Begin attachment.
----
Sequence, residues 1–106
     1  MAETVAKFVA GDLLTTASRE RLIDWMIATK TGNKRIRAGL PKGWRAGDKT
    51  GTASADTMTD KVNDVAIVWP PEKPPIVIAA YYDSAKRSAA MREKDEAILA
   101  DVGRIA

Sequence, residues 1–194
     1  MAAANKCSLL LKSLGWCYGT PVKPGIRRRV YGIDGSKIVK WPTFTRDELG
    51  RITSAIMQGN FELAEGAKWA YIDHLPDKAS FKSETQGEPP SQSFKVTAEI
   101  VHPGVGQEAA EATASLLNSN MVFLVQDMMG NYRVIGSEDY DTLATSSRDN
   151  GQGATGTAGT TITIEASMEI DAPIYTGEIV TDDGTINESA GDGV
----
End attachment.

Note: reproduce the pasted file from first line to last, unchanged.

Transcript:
Sequence, residues 1–106
     1  MAETVAKFVA GDLLTTASRE RLIDWMIATK TGNKRIRAGL PKGWRAGDKT
    51  GTASADTMTD KVNDVAIVWP PEKPPIVIAA YYDSAKRSAA MREKDEAILA
   101  DVGRIA

Sequence, residues 1–194
     1  MAAANKCSLL LKSLGWCYGT PVKPGIRRRV YGIDGSKIVK WPTFTRDELG
    51  RITSAIMQGN FELAEGAKWA YIDHLPDKAS FKSETQGEPP SQSFKVTAEI
   101  VHPGVGQEAA EATASLLNSN MVFLVQDMMG NYRVIGSEDY DTLATSSRDN
   151  GQGATGTAGT TITIEASMEI DAPIYTGEIV TDDGTINESA GDGV